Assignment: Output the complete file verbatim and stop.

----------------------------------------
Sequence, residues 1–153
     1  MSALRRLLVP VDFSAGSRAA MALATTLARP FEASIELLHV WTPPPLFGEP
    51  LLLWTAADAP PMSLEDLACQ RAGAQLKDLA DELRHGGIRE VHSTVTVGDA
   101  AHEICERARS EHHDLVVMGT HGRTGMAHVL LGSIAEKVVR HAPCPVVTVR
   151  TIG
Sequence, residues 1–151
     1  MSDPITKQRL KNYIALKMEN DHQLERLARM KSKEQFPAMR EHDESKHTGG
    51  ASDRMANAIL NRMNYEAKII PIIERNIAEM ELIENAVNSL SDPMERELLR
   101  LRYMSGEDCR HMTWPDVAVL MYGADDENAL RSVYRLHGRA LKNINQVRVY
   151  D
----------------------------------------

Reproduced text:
Sequence, residues 1–153
     1  MSALRRLLVP VDFSAGSRAA MALATTLARP FEASIELLHV WTPPPLFGEP
    51  LLLWTAADAP PMSLEDLACQ RAGAQLKDLA DELRHGGIRE VHSTVTVGDA
   101  AHEICERARS EHHDLVVMGT HGRTGMAHVL LGSIAEKVVR HAPCPVVTVR
   151  TIG
Sequence, residues 1–151
     1  MSDPITKQRL KNYIALKMEN DHQLERLARM KSKEQFPAMR EHDESKHTGG
    51  ASDRMANAIL NRMNYEAKII PIIERNIAEM ELIENAVNSL SDPMERELLR
   101  LRYMSGEDCR HMTWPDVAVL MYGADDENAL RSVYRLHGRA LKNINQVRVY
   151  D